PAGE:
REGULATIONS & COMPLIANCES

The Safe Escape Lock (SEL) was designed specifically to address (and is compliant with) all ABS, Coast Guard/Dept. of Homeland Defense regulations and Somalia BMP’s. The SEL is also approved by the ABS (type approval pending), meets and exceeds ISPS standards, and will help you meet ISPS shipboard compliance.

 

Best Management Practices for

Protection against Somalia Based Piracy

 

3.2   The primary consideration should be to ensure the safety of the crew. Care should be taken, when formulating measures to prevent illegal boarding and external access to the accommodation, that crew members will not be trapped inside and should be able to escape in the event of another type of emergency, such as, for example fire.

 

Careful consideration should be given to the location of a Safe Muster Point or Citadel. (See section 8.13).

 

Consideration should also be given to the ballistic protection afforded to the crew who may be required to remain on the bridge during a pirate attack, recognizing that pirates increasingly fire at the bridge of a vessel to try to force it to stop. (See section 8.3).

 

8.4 Control of Access to Bridge, Accommodation and Machinery Spaces

 

It is very important to control access routes to deter or delay pirates who have managed to board a vessel and are trying to enter accommodation or machinery spaces. It is very important to recognize that if pirates do gain access to the upper deck of a vessel they will be tenacious in their efforts to gain access to the accommodation section and in particular the bridge. It is strongly recommended that significant effort is expended prior to entry to the High Risk Area to deny the pirates access to the accommodation and the bridge.

 

• All doors and hatches providing access to the bridge, accommodation and machinery spaces should be properly secured to prevent them being opened by pirates.

 

•  Careful consideration should be given to the means of securing doors and hatches in order to afford the ship the maximum protection possible.

 

• Where the door or hatch is located on an escape route from a manned compartment, it is essential that it can be opened by a seafarer trying to exit by that route. Where the door or hatch is locked it is essential that a key is available, in a clearly visible position by the door or hatch.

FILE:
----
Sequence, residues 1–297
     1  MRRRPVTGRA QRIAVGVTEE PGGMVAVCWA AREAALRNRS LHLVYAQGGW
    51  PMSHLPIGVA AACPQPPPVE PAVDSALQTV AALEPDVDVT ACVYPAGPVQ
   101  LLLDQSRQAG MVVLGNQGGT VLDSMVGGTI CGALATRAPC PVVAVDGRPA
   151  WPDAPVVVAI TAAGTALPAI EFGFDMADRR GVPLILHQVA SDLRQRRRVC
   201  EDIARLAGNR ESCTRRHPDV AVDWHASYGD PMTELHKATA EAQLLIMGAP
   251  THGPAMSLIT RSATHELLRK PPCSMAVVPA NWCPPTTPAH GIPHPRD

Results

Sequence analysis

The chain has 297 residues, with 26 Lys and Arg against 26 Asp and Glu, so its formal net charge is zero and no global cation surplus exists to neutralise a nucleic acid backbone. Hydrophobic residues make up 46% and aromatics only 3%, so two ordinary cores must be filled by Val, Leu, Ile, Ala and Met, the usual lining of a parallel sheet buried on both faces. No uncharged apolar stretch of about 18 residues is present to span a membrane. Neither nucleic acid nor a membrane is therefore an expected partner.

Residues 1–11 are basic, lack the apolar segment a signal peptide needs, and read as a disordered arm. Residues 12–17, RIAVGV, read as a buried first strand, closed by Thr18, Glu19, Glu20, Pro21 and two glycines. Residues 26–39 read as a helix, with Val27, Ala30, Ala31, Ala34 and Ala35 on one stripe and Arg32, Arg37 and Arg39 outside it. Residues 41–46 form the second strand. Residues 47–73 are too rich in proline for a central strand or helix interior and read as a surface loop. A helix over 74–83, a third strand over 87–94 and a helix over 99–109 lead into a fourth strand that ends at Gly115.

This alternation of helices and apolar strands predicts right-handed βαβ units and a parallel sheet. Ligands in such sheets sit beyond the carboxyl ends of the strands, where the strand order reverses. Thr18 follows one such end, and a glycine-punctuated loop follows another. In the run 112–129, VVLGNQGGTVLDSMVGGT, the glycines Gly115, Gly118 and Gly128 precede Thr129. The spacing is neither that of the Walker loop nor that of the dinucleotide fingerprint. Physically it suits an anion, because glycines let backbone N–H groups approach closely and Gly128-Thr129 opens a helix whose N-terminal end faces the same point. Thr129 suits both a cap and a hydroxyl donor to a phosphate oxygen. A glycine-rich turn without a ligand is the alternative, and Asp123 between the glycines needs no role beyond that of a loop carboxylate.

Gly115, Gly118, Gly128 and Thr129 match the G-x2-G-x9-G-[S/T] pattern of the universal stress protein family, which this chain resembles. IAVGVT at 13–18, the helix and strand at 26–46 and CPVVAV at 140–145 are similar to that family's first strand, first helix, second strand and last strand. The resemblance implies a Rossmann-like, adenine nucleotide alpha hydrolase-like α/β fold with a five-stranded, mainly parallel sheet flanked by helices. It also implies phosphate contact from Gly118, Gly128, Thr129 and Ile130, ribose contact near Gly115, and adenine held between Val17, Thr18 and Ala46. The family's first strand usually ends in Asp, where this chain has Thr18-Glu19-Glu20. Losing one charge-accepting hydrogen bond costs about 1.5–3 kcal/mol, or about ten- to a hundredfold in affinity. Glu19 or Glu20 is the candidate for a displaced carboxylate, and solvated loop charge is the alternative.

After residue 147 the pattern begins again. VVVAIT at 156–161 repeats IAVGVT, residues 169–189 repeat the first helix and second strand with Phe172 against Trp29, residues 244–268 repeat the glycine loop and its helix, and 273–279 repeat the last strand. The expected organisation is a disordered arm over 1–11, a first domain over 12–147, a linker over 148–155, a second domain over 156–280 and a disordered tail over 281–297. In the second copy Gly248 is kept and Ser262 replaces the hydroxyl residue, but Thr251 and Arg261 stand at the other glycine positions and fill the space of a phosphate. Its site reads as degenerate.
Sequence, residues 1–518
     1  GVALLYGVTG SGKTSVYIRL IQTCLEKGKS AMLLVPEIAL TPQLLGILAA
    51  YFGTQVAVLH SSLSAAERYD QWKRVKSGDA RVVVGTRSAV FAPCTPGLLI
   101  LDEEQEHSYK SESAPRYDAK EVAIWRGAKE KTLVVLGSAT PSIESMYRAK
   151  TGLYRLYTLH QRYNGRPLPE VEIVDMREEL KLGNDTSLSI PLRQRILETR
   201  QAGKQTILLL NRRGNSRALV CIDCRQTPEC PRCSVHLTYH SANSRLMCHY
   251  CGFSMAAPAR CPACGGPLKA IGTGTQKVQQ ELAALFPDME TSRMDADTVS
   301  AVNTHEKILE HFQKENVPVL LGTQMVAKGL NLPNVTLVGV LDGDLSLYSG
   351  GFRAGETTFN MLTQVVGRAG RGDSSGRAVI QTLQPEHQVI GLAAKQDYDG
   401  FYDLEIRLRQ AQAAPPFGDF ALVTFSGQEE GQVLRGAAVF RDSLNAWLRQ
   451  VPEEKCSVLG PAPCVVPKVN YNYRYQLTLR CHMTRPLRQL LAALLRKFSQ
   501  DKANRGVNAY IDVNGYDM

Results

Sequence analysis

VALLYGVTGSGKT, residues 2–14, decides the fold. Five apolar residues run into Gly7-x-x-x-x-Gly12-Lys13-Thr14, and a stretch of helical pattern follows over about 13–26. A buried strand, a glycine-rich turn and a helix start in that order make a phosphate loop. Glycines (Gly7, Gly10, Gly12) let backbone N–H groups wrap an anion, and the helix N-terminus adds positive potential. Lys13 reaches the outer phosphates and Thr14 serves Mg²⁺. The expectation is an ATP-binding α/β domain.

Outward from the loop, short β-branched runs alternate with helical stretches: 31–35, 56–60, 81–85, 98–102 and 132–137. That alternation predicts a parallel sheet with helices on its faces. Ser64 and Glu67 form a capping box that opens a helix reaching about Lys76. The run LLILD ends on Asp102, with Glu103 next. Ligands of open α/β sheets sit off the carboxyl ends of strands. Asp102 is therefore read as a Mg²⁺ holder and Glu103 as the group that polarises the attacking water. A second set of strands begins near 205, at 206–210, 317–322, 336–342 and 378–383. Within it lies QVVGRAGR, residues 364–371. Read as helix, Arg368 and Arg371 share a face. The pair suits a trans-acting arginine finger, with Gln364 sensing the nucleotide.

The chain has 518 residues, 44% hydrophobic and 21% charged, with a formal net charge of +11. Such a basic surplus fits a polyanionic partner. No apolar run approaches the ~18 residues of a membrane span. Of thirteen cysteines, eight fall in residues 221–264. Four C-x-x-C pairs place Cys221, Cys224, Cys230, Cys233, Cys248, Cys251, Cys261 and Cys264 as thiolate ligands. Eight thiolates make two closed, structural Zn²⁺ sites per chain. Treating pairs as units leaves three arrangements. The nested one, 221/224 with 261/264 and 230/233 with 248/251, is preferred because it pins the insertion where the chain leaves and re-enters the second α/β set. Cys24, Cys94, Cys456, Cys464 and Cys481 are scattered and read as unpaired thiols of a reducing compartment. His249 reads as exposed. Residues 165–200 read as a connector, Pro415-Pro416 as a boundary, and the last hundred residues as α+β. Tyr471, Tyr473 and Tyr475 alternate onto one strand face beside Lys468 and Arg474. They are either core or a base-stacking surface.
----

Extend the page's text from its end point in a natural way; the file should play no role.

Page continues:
•  It is recommended that once doors and hatches are secured, a designated and limited number are used for routine access when required, their use being strictly controlled by the Officer of the Watch.

 

 

CHAPTER I: COAST GUARD, DEPARTMENT OF HOMELAND SECURITY (CONTINUED)

SUBCHAPTER I: A-MOBILE OFFSHORE DRILLING UNITS

PART 108: DESIGN AND EQUIPMENT

Subpart B: Construction and Arrangement

 

( http://cfr.vlex.com/vid/108-157-locked-doors-19855772)

 

 Means of Escape

 

108.157 - Locked doors.

 

No door to the required means of escape may be designed to lock except:

 

(a) A crash door or a door that has a locking device that can be easily forced, if on both sides of the door a permanent and easily seen instruction is placed; or

 

(b) An outside door to a deckhouse if the door can be locked by key only and if the master or person in charge has control of the key to the door's lock.

 

US Coast Guard / Dept. of Homeland Defense: Port Security Advisory (2-09)(Rev 2)

 

( http://www.simsl.com/Downloads/Piracy/USCGPiracyPSA2-09Rev%202_1011.pdf )

 

Man the engine room with a licensed engineer.  While in high risk waters, this includes manning of automated engine rooms. If, due to the degree of automation used on board, manning the engine room is not practicable during transits of HRW, equivalent measures may

be proposed.

 

(k) Secure, control access, and regularly inspect restricted areas (bridge, engine room, steering gear room, and crew quarters) keeping in mind any adverse impact these may have to safety in

the event of an accident. In any instance where there is a conflict between safety and security, the safety requirement should be paramount.

 

(l) Ensure ladders and outboard equipment are stowed or on deck.

 

(m) Ready non lethal means to discourage attack and or defend the vessel. For example, fire pumps and fire hoses, or equivalent, may be pressurized and ready for discharge overboard.

 

(n) Follow any guidance from on-scene military forces that have counter-piracy intelligence that may aid the master in avoiding or thwarting piratical attacks.